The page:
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- Author Sebastian Bauman (also known as Baumann, Paumann; ca. 1729-1805), Friedrich Christian Langpaur (Langenpaur, Langbaur; ca. 1711-1787)
- Date of production 3rd quarter of the 18th century
- Place of creation Friedberg
- Dimensions diameter: 10 cm, depth: 6.5 cm (without casing)
- Author's designation Sebastian Bauman Friedberg on the rear plate of the mechanism; F. C. L. on the case
- ID no. ZKWawel 4188
- Availability Crown Treasury
- Acquired date purchased in 1960
- Object copyright Wawel Royal Castle – State Art Collection
- Digital images copyright public domain
- Digitalisation RDW MIC, Małopolska's Virtual Museums Plus project
Travel clocks, also called carriage clocks, were produced in many European watchmaker workshops from the 2nd half of the 17th century. Around the year 1700, Friedberg became the most important centre of their production, and they were mainly intended for export to Paris and London.more
An ornamental travel clock preserved along with its protective case. It has a mechanism with a spindle escapement, mainspring, and a repeater striking quarters and hours. It has a round and convex silver case with a small glass pane on the front which protects an enamel dial indicating the minutes and hours and a small alarm dial. A raised scene sits on the back of the case, which is a piece by Friedrich Christian Langpaur, the artist of Augsburg, depicting Athena as the goddess of wisdom and science. This is emphasized by the putti sitting at her feet pointing at geometric charts, as well as Hermes in the role of the patron of art and knowledge. Between the pair of gods, there is Fortune, the goddess of luck, holding a horn of plenty in her hand and floating on a cloud above the sea and a sailing ship. The composition of the scene emphasizes the importance of art, science and wisdom which constitute a solid foundation protecting us against the power of changeable Fortune with her elusive and impermanent wealth.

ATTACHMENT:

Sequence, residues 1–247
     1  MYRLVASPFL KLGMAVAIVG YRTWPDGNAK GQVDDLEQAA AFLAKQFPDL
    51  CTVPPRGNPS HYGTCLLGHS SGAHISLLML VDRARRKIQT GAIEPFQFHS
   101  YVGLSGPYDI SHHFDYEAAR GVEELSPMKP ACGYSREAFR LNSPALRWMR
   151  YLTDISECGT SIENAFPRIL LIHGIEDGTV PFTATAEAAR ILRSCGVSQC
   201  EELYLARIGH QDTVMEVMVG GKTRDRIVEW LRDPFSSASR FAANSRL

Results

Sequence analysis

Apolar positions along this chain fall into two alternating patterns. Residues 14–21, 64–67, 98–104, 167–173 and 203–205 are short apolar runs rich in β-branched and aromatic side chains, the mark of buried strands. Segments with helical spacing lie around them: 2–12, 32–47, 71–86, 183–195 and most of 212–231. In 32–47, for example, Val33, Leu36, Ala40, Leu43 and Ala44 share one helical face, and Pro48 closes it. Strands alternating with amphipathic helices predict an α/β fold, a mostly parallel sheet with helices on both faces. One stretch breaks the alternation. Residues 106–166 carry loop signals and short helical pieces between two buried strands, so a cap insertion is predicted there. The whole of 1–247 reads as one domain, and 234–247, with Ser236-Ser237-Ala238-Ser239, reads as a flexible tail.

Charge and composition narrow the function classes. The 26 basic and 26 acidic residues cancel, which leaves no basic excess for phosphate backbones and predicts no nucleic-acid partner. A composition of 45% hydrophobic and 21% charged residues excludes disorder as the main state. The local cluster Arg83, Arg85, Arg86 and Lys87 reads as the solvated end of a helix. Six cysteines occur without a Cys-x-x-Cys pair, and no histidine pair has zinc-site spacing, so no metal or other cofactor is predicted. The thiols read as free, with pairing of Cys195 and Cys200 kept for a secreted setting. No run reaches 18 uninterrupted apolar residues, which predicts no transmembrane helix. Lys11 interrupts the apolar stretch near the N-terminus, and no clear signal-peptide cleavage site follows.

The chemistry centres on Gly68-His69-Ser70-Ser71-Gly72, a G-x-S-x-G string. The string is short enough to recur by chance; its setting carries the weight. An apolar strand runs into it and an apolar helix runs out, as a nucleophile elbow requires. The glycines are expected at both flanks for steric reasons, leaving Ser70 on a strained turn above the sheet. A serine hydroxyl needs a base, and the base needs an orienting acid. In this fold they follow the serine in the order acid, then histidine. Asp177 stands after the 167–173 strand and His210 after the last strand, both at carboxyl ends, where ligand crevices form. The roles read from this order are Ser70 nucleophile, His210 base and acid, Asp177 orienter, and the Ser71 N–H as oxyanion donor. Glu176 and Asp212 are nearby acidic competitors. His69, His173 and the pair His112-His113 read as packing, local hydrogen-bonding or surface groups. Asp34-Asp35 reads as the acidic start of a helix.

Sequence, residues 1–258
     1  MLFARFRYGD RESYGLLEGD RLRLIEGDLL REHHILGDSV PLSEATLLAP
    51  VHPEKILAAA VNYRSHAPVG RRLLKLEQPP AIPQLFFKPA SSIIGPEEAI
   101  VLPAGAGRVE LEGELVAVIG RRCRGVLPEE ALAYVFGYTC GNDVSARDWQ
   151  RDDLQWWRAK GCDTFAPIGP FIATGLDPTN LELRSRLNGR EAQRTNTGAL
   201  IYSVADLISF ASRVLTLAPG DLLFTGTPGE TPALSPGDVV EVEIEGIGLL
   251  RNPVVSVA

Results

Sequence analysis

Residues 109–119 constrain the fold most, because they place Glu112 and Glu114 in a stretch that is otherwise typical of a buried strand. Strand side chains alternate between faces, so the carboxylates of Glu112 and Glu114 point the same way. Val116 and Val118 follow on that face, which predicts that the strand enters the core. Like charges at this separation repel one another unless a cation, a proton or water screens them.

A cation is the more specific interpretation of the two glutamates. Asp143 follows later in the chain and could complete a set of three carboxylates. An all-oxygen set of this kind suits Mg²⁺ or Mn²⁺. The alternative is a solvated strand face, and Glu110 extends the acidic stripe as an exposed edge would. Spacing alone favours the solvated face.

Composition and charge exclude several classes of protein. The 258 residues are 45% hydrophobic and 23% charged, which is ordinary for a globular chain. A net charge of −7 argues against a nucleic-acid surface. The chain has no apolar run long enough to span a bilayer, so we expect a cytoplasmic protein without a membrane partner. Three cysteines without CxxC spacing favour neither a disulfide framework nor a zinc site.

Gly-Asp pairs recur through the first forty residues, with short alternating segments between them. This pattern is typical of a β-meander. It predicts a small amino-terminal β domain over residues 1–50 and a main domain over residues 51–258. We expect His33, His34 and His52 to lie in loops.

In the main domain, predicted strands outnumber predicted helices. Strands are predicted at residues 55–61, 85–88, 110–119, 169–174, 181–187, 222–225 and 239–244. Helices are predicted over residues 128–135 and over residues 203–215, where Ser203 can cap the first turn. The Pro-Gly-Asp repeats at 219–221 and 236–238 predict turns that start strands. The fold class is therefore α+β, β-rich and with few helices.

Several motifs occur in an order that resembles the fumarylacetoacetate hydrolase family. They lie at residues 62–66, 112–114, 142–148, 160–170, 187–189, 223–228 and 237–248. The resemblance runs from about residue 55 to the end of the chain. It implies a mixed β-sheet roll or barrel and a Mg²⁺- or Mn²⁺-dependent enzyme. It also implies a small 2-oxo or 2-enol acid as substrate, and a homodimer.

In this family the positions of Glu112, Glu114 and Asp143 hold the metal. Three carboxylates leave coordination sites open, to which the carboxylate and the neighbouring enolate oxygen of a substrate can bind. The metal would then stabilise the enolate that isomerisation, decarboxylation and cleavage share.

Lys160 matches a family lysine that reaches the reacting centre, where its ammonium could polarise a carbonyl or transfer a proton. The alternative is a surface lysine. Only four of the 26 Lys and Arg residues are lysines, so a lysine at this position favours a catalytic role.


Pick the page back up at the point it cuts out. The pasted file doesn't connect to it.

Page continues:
Travel clocks, also called carriage clocks, were produced in many European watchmaker workshops from the 2nd half of the 17th century. Around the year 1700, Friedberg became the most important centre of their production, and they were mainly intended for export to Paris and London. It was characteristic for watchmakers working in Friedberg to mark their works with their names written backwards, as well as the name of the destination town, but not containing the name of the place where the clocks were made. A characteristic spherical case of a carriage clock was protected by a case covered with leather or a tortoise shell. Small gaps cut in the protective case enabled one to hear when hours were struck. The clock, along with its protective case, was put into a hexagonal wooden box with a convex lid, covered with leather and lined with velvet.
Elaborated by Stanisława Link-Lenczowska (Wawel Royal Castle), editorial team of Małopolska’s Virtual Museums, © all rights reserved